Author:  Matthew Hodson, Executive Director, NAM

On 10th January, HIV clinicians, representatives from London Councils and charitable HIV organisations gathered to witness London’s Mayor, Sadiq Khan, signing London up to the Fact Track City initiative. The pledge commits London to a major push to reduce the rate of new HIV infections and eliminate stigma in London – aiming to bring an end to new HIV infections, AIDS deaths and HIV stigma in the capital by 2030.


Although London comes late to the Fast Track City initiative, which already has more than 200 pledges, our city is already in the top leagues for HIV diagnoses and treatment. In 2016, for the first time, London met or exceeded all the UN’s 90-90-90 targets, with 90% of people living with HIV in the capital diagnosed, 97% of these on treatment, and 97% of these achieving viral suppression (undetectable). London is only the third city to achieve this target so far – joining Amsterdam and Melbourne.


By hitting or exceeding the UN targets, almost 85% of people living with HIV in London now have an undetectable viral load, which means that they no longer pose a transmission risk to their sexual partners. This, alongside condom use and some people sourcing PrEP for themselves, resulted in last year’s steep reduction in HIV diagnoses.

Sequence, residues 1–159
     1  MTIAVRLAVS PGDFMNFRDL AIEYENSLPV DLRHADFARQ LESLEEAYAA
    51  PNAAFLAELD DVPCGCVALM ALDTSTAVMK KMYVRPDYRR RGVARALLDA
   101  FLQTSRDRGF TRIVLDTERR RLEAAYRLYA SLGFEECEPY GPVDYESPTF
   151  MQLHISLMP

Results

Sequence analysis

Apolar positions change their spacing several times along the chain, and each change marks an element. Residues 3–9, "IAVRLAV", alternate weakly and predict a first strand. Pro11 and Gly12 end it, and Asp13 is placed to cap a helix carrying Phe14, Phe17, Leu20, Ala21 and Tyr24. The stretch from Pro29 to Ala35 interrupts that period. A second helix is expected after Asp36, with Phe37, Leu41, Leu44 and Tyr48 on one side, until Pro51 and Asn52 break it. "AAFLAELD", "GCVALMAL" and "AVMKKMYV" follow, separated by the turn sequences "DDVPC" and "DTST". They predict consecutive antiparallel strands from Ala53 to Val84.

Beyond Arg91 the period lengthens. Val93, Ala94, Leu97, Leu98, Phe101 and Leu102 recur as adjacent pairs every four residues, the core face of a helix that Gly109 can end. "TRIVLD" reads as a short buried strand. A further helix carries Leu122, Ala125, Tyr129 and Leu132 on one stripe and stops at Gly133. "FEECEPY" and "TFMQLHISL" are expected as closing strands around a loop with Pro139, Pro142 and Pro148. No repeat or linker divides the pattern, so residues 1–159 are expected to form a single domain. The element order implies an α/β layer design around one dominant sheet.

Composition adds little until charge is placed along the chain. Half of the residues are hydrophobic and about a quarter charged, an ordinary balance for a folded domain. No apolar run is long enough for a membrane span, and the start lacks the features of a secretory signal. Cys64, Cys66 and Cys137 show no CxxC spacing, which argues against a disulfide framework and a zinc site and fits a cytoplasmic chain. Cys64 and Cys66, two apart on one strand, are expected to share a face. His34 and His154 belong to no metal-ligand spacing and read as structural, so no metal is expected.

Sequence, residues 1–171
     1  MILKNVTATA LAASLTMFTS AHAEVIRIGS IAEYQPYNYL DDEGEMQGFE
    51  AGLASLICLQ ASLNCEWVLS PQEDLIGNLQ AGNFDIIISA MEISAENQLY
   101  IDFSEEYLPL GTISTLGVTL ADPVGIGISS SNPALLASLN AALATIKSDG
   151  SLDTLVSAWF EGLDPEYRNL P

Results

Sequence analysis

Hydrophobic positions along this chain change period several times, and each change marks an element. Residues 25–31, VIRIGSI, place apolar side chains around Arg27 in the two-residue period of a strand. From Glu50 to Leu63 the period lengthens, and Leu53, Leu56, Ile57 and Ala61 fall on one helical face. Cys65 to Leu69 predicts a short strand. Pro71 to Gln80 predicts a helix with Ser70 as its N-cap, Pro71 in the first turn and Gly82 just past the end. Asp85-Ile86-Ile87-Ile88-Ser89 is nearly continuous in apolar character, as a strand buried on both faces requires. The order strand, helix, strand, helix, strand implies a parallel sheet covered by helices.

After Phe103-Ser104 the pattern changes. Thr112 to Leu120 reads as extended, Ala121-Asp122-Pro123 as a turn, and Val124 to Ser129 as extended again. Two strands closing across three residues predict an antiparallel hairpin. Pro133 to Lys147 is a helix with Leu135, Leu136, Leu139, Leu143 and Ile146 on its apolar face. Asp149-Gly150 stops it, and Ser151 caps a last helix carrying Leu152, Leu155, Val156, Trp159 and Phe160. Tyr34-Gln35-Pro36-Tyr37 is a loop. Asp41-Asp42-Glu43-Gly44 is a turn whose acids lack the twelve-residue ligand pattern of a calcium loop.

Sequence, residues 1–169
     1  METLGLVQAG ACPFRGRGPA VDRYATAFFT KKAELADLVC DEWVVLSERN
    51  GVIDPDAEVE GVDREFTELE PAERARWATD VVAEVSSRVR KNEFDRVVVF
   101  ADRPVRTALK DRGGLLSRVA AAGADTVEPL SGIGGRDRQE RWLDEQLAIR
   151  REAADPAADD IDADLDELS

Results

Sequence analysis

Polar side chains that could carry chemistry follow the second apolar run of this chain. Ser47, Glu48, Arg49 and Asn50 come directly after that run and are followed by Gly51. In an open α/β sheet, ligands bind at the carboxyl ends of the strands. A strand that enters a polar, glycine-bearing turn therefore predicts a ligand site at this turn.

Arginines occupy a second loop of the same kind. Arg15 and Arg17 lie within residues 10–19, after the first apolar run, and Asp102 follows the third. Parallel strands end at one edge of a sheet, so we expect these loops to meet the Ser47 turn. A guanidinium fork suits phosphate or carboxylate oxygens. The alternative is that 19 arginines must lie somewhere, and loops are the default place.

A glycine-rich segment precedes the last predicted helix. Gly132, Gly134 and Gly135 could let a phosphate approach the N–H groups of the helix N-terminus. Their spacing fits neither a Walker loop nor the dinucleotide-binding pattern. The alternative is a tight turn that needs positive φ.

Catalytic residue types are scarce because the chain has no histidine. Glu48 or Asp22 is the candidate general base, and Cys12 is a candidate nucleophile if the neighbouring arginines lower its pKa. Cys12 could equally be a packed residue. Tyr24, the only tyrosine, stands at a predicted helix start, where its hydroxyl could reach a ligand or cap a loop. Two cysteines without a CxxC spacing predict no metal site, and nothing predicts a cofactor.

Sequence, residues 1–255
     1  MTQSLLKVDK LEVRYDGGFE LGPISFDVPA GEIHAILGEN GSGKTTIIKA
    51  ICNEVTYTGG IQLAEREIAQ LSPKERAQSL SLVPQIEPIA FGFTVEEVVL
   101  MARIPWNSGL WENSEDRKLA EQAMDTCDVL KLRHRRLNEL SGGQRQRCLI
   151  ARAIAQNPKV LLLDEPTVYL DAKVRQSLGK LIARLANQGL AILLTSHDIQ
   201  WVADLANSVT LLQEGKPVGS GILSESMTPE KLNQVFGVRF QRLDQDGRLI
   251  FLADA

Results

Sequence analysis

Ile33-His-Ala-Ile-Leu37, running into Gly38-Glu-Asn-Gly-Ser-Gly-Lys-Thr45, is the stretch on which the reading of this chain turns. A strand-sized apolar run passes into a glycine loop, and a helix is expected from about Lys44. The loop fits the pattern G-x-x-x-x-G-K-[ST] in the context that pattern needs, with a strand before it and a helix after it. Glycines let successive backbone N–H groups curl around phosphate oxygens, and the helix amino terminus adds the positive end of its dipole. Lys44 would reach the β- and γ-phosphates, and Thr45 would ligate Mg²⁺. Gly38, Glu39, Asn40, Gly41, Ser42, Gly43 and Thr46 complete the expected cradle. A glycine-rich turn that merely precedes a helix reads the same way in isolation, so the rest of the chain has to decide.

The gains that we have made are not guaranteed to continue. Cuts to sexual health services mean that many struggle to get appointments, potentially leading to later diagnosis and access to treatment. The stigma that people with HIV face remains considerable, which serves to discourage testing and disclosure of HIV status, as well as having a profound impact on the confidence and emotional health of many living with the virus.


The Fast Track Cities programme seeks to galvanise HIV prevention and anti-stigma actions in cities across the world. Fast Track Cities work together, sharing best practices and tackling stigma and discrimination.


The goals set out in the Fast Track Cities initiative, zero new HIV infections, zero AIDS-related deaths and zero stigma, are ambitious. However, it is only by being ambitious that we will truly be able to honour all those that we have loved and lost; it is only by being ambitious that we will end this epidemic. London is seizing the moment. This is the time for us to conquer HIV.